Saturday, July 21, 2018

Africa Sinking

In the early 2000s, wily state and corporate PR agents masquerading as journalists began talking about an “Africa Rising”. Whereas the continent had been seen in the modern era as hopeless, corrupt and politically dependent hell-holes that had failed the independence experiment, the new narrative told of double-digit growth, rising incomes, a middle class and even solid, stable democratic values. The ruse didn’t last long. “Africa Rising” exposed itself for the farce that it was. 

It became clear that economic growth – where ever it may have been booming – was not solving the conundrum of income inequality. As economies in Europe slowed around 2008-2009, investors were playing up the “Africa Rising” card: they talked of expanding mobile phone networks, building shopping malls, and technological innovation in Kenya, Ethiopia and Ghana as IT hubs were sold as the continent’s short-cut to development. Then the global economy shrunk again in 2015. South Africa and Nigeria – the continent’s biggest economies contracted, too. But the myth of “Africa Rising”, didn’t die completely. Now, analysts spoke of “Africa Rising in certain countries”, like Ethiopia and Rwanda.

A report, published by the US-based Brookings Institute, and based on a projection by the World Poverty Clock, shows that some 643 million people across the world live in extreme poverty (less than $1.90 (R14) per day). This is an acute, dangerous level of poverty, in which families are on the verge of starving, or living in destitution. Africans account for around two-thirds of the total number. If current trends persist, Africans will account for nine-tenths by 2030. 14 out of the 18 countries where extreme poverty was increasing were in Africa itself.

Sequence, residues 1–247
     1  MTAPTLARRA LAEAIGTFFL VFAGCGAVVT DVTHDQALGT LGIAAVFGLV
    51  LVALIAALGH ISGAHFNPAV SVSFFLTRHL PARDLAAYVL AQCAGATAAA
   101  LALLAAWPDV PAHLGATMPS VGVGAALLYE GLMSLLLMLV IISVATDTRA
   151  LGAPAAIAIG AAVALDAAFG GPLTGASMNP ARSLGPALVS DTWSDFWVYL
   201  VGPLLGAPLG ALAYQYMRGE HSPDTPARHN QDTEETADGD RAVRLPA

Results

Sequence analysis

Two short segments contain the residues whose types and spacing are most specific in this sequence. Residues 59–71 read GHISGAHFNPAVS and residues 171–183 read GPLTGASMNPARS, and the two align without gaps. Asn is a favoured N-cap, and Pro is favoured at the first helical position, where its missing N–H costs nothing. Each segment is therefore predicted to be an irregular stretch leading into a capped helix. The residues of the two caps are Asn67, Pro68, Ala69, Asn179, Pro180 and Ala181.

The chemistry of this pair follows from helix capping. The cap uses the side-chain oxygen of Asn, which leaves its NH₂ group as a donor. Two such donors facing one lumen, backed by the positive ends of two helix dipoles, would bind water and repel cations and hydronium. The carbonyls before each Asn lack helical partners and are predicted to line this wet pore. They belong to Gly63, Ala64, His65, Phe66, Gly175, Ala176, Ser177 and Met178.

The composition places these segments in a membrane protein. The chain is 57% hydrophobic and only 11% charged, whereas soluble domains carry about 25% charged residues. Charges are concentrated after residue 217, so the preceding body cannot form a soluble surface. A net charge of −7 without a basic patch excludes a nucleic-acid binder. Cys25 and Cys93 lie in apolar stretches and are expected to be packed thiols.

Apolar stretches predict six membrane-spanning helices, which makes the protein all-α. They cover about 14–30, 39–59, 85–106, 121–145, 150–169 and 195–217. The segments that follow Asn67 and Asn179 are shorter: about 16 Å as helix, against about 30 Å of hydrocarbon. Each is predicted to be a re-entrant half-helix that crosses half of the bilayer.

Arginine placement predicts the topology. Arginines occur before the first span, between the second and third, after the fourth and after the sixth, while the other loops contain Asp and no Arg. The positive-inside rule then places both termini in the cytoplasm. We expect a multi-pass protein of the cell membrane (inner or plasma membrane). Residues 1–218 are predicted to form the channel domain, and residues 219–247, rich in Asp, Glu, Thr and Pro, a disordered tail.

Nigeria is said to have the highest number of people – about 87 million people – living in extreme poverty while the Democratic Republic of Congo has 60 million people. But also on this list are Ethiopia and Tanzania, Kenya and Uganda. These are large, important economies on the continent, and this did not happen overnight. Six Nigerians fall into extreme poverty each minute. Likewise, for all the talk of Ethiopia’s economic boom over the past decade, 23.9 million people still live in extreme poverty.

Africa is not a country, and the insistence on treating it as such is not merely an irritant; the one-size fits all plans by global institutions continue to fail. When investments have come in, they have almost always benefited the political and ­social elite. When loans have come in from the International Monetary Fund (IMF), it has come with woeful conditions: privatisation, reducing government spending, and deregulating the market. The high levels of inequality meant that those excluded fall even further down the chain. The population is growing, and bigger incomes aren’t able to pull larger families out of poverty as a result. Lastly, the amount of money being stolen out of the continent is still astronomical. A 2010 study by the Global Financial Integrity group showed that $854 billion was illicitly transferred out of the continent between 1972-2010. Out of that, $89.5bn came from Nigeria. It is the illicit transfer of money that is among the biggest culprits for poverty on the continent. Neither can we ignore the many nefarious trade deals that keep many on the continent at bay. Consider the recent decision by Rwanda, Tanzania and Uganda to ban second-hand clothing to their countries, so that the country can develop its own clothing industry. The US promptly suspended the duty-free status of Rwanda’s textile products as punishment.

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